The famous Amatriciana sauce––made with guanciale, tomato and Pecorino––is commonly associated with Lazio and Rome, but is actually from the town of Amatrice, that, after the unification of Italy, was initially part of Abruzzo, and then annexed to the Lazio region only in 1927.
"Amatrice" is also an adjective meaning, 'expert lover woman.' You draw your own conclusions as you savor the assertive gusto of these killer bucatini.
200 g (1 cup) guanciale (or unsmoked pancetta), diced
400 g (14 oz) whole canned tomatoes, crushed
1 small white onion, finely chopped (yes, I make mine with onion – big debate will ensue among my Amatriciana-fundamentalist friends)
1 peperoncino (or 1/2 teaspoon red pepper flakes)
1 glass of dry, white wine
3 fistfuls Pecorino Romano, grated
1/2 cup extra virgin olive oil
500 g (1.1 lb) bucatini type pasta
Render the guanciale in a pan, over low heat until golden and crisp.
Add the onion, and sprinkle the peperoncino flakes. When the onion is translucent, splash with the wine and boil to evaporate it. Add the tomatoes and cook uncovered for 10 minutes, and set the heat to low to keep the sauce warm while the pasta boils.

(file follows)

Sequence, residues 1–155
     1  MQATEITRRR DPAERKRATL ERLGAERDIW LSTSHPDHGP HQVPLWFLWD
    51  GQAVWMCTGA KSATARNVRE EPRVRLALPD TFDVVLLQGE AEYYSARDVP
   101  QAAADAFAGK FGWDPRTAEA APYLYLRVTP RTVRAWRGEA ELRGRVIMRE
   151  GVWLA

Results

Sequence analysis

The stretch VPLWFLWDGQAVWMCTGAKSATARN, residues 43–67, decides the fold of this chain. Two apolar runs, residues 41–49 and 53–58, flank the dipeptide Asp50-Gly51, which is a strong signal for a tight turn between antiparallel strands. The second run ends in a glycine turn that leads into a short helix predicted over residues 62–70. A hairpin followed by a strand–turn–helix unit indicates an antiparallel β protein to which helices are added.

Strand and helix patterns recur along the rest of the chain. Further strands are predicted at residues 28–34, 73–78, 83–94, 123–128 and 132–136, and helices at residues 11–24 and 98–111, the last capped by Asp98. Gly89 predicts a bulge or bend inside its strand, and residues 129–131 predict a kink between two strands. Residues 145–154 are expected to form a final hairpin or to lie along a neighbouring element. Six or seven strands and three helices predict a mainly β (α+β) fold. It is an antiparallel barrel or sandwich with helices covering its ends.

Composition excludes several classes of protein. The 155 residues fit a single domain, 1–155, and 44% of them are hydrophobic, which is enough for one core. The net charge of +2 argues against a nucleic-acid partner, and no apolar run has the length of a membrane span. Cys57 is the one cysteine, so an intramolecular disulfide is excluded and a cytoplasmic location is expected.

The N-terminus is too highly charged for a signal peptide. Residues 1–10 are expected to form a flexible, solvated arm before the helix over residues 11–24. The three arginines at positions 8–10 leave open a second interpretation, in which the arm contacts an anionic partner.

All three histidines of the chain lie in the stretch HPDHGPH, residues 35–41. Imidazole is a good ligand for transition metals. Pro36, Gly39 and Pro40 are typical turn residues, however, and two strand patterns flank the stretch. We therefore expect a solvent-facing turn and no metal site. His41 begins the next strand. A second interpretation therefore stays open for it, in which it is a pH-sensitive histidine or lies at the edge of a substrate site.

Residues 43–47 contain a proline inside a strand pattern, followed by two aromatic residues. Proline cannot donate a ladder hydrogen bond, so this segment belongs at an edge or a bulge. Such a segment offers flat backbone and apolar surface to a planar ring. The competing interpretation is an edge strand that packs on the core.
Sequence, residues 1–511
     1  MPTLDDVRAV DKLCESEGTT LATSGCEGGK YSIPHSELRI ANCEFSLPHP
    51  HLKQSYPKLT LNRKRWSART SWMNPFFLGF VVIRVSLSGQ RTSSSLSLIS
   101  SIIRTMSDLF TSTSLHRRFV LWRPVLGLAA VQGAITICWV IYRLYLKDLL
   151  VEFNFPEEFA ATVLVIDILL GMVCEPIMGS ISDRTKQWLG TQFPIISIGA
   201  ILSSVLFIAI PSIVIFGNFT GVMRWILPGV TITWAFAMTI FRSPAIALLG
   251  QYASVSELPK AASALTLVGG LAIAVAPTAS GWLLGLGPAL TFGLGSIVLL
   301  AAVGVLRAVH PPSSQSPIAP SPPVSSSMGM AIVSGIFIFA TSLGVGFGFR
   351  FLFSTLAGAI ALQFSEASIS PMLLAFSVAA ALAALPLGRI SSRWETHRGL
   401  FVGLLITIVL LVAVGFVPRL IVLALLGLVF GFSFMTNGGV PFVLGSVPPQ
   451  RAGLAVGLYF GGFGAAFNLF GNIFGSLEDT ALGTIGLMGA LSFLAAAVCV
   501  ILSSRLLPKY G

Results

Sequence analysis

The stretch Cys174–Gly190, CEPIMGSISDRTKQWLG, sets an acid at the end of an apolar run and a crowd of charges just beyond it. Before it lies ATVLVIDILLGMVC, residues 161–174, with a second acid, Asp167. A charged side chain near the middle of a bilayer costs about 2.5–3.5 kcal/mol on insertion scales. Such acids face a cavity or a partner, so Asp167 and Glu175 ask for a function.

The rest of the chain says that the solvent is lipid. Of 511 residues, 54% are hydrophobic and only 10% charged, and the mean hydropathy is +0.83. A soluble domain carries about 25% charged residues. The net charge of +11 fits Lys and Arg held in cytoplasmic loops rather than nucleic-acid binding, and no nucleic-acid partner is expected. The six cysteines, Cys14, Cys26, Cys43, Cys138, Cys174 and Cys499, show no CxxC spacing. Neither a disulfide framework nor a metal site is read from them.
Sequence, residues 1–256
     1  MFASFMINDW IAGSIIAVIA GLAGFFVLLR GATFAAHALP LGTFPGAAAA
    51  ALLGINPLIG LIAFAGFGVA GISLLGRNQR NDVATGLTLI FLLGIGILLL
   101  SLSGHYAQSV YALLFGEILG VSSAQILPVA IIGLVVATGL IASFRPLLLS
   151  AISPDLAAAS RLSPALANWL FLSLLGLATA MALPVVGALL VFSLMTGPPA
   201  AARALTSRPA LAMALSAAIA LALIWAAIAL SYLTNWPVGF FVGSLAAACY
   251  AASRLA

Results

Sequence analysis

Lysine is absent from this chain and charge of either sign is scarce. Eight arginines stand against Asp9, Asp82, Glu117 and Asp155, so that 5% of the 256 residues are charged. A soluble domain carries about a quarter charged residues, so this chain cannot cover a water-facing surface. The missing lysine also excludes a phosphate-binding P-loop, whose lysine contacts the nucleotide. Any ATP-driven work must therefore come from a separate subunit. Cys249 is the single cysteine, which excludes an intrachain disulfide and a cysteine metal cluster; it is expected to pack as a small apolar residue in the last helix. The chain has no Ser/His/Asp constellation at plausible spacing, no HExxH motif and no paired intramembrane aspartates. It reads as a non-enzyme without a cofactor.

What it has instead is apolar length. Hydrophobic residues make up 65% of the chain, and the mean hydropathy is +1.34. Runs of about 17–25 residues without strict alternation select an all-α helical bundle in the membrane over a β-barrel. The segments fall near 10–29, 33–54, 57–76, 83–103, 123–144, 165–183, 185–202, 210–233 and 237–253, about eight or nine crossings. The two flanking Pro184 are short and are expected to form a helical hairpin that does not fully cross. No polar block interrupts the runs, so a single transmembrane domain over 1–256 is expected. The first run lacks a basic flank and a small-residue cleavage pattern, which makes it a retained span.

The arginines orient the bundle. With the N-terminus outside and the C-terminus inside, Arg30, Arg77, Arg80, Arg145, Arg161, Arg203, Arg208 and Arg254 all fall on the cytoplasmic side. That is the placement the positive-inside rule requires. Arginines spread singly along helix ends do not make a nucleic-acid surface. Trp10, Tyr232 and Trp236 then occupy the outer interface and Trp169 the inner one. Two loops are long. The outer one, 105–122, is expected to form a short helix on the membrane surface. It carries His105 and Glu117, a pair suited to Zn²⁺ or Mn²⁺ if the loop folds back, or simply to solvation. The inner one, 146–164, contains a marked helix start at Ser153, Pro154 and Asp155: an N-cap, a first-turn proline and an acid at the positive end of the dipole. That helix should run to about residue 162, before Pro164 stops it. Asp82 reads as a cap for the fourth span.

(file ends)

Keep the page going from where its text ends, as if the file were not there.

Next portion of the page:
Bring a large pot of water to a rolling boil, add some salt and plunge the bucatini (or the thickest spaghetti available, if you have trouble finding bucatini). Shortly before the pasta is ready, scoop up a little bit of starchy pasta cooking water.
I tend to go easy on the salt, given the flavorful punch lent by both the guanciale and Pecorino, but do adjust seasoning to your taste.
Drain the pasta while it's still quite al dente and pour it in the tomato sauce skillet, add the grated cheeses and a demitasse of pasta cooking water. Cook a few minutes more, mixing and rocking the skillet to coat the pasta evenly. Serve piping hot with more grated Pecorino if necessary.
Note: This recipe derives from a much older sauce called Gricia. Shepherds in isolated pastures used to make Gricia by gently sautéeing diced guanciale, and adding freshly boiled pasta, a healthy dusting of black pepper, and grated Pecorino Romano. This would result in a creamy grayish sauce, hence the recipes name, gricia, which is a Roman dialectal switch on the word "grigia" (gray).
Image credits Andrea Di Lorenzo